A few years ago an enterprising man named Ruud Van Velsen of Microsoft Benelux created a new program. He realized the limitations of the Windows NT logins. KiXtart is a utility that is really a rather sophisticated scripting language that matches the capabilities of the NetWare and Banyan login scripting. The capabilities of this program are amazing. You can even have it change registry settings on client machines. The best reason for using this is that it gives the same capabilities to both Windows 95 and Windows NT Workstation.



COLOR b+/n

BOX (0,0,24,79,GRID)


BOX (8,21,18,61,Å)

COLOR g+/n

BOX (7,20,17,60,FULL)


AT ( 9,25) “UserID :”

AT (10,25) “Full name :”

AT (11,25) “Privilege :”

AT (12,25) “Workstation :”

AT (13,25) “Domain :”

AT (14,25) “Logon Server :”

COLOR y+/n

AT (9,40) @userid ; SECTION 3

AT (10,40) @fullname

AT (11,40) @priv

AT (12,40) @wksta

AT (13,40) @domain

AT (14,40) @lserver


$userdir=@userid + “$$” ; SECTION 4




USE P: “\\SERVER1\$userdir”




SECTION 1 concerns setting up the display for the users (See Figure 1.) It designs a nice looking grid background. This through SECTION 3 is from the default script that comes with KiXtart. SECTION 2 creates an informational display within the box created by SECTION 1. SECTION 3 uses the environmental variables used within KiXtart to display the user ID, name, rights, etc.


Figure A

Provides a nice display for each user account.

SECTION 4 is where the “magic” happens. To prepare for this, as an administrator, you need to do a few things for each user you create. First, you’ll need the rights to change the properties of their home directory, namely to be able to share the directory. After you create a user and assign a home directory, the User Manager for Domains will create the directory and only give the user full control. If you attempt to share the folder, you won’t be able to since you don’t have access. Most administrators want full control over the users’ directories anyway. To do this, the CACLS utility in a batch file comes in handy:



This will grant the Local Administrators group full control over all the home directories. After adding a bunch of users, I will run this batch file, then just go in through Explorer and share each home directory as a hidden share. Back in the logon script, the first line in SECTION 4 creates a variable called $userdir. I take the user ID, and add the $. For example, I previously shared the \\SERVER1\USERS\CAMBERG directory as CAMBERG$, a hidden share. $userdir takes CAMBERG, my user ID, adds the $ to the end of it, ending up with CAMBERG$. (The double “$$” is because anything preceded by a $ in KiXtart is treated as a variable, and $$ makes it use the actual $.)

Next, a few drives are mapped, just like before using the batch files and net use. Finally, we map the users home directory. You don’t have hundreds of user shares available for viewing in Network Neighborhood, and everyone’s home directory is mapped as a root drive. We are finally up to the level of scripting that other operating systems have. The time is set using the SETTIME command, the SLEEP is a pause so users can look at the information screen set up in SECTIONS 1-3.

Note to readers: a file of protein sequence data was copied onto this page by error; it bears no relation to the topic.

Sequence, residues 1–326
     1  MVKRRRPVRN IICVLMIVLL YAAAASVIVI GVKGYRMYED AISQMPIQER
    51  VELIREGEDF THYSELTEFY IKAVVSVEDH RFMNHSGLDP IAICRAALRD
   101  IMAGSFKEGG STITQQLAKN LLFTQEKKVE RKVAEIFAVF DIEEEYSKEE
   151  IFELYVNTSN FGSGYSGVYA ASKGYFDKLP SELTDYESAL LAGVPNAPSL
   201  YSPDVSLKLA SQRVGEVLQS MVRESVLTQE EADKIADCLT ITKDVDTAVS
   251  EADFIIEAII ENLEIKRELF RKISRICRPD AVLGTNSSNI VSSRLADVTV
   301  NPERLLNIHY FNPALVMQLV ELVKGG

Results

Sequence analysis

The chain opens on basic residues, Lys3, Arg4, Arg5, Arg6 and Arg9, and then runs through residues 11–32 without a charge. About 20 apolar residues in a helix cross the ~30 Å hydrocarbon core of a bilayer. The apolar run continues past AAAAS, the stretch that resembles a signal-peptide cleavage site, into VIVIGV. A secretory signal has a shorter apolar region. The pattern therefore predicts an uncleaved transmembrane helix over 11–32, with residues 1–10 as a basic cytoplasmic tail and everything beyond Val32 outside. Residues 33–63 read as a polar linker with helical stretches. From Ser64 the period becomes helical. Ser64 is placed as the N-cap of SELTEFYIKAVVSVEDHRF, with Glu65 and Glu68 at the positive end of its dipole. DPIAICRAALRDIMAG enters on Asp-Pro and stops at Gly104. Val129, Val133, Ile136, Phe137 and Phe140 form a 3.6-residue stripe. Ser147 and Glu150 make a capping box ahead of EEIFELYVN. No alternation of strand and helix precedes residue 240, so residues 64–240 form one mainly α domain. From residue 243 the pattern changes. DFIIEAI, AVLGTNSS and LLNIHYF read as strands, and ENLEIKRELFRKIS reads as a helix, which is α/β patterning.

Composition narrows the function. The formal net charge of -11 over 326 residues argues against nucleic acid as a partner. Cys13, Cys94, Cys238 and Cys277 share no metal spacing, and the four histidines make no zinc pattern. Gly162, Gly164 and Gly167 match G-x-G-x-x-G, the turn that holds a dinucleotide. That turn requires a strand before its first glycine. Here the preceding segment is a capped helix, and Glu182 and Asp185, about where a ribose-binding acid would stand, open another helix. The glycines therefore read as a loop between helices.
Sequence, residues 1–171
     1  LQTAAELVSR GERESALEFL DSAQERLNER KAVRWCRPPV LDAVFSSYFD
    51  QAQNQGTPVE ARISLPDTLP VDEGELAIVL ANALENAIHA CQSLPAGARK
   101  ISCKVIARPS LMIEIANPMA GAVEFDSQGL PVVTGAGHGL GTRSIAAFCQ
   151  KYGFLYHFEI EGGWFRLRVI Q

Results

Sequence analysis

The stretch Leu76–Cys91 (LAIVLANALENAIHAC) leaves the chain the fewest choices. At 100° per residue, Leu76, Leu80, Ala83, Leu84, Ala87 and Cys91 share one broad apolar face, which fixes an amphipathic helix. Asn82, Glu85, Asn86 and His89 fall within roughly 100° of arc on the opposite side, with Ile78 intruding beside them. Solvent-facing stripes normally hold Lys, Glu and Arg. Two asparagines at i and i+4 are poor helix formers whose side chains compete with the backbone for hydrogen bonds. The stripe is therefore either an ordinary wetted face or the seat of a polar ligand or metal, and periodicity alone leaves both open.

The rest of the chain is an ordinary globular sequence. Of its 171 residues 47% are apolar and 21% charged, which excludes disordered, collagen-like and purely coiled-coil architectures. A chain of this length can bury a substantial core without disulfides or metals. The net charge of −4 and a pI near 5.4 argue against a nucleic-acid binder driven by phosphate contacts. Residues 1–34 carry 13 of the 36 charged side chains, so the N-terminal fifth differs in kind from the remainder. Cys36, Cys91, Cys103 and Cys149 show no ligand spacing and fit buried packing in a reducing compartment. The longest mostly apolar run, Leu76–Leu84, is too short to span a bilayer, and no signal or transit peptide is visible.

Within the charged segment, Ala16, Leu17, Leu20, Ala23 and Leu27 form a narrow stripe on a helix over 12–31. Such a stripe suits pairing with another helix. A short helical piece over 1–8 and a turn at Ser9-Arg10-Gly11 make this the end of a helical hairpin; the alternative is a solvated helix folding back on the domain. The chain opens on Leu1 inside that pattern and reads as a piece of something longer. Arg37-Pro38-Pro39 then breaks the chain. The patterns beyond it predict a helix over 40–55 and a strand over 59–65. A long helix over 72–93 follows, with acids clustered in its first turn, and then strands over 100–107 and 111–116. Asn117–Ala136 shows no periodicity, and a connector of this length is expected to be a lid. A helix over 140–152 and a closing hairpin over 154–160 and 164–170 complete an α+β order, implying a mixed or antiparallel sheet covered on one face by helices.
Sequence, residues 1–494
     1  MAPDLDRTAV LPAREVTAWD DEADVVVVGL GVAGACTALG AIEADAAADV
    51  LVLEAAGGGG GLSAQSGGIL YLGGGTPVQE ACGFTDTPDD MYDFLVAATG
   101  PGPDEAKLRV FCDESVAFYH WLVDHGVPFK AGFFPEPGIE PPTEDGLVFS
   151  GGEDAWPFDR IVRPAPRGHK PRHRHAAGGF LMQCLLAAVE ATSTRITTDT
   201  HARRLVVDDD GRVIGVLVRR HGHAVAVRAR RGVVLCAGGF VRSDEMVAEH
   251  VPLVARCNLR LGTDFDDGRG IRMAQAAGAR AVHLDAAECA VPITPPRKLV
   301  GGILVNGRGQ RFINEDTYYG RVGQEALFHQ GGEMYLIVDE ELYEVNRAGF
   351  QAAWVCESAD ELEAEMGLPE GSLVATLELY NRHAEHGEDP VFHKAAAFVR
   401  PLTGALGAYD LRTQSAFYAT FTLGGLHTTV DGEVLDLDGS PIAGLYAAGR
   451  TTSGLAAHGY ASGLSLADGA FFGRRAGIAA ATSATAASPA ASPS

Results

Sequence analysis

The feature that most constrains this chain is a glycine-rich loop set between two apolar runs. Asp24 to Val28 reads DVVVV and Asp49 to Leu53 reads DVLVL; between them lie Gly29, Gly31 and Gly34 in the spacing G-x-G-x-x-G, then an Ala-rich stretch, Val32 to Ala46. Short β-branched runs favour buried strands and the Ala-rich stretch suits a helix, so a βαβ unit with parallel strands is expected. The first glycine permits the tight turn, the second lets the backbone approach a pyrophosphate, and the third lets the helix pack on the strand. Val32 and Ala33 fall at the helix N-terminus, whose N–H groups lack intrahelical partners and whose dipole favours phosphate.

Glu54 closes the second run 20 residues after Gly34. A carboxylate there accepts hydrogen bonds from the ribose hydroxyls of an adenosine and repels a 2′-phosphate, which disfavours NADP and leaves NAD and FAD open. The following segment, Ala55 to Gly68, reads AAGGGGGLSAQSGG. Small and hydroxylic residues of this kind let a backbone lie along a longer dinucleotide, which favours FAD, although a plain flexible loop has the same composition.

With KiXtart, many more capabilities are added. Lets add a section after the standard mappings to give administrators special drive mappings. After the last mapping command, add the following section:




USE S: “\\SERVER1\C$$”

USE T: “\\SERVER1\D$$”


That section will determine if the login ID is a member of the Administrators group. If so, it will do anything before the ENDIF statement, in this case, map a few extra drive mappings.

Another way to do things according to user groups is as follows. Let’s say you have the Accounting group that has a certain drive for the tax software.

IF INGROUP(“Accounting”)



Of course, this works another way. Lets say you don’t want temp workers to have access to the main public share. Easy with access permissions, but, you don’t even want them to see the drive itself.

IF INGROUP(“Temps”) = 0



That section says that if the user is NOT a member of Temps, to go ahead and map the drive. Of course, OR and AND and other Boolean operators are allowed.

The capabilities of this great utility go on. You can even set registry entries if necessary. KiXtart comes with the Windows NT 4.0 Resource Kit if you want to use it. The script that I used above was modified from the DEFAULT.SCR script that came with the distribution. Read the documentation that comes with the program for more tips on its use. So if you are coming from a Novell installation with a two hundred line script, you should be able to recreate most of your functionality in a new NT network.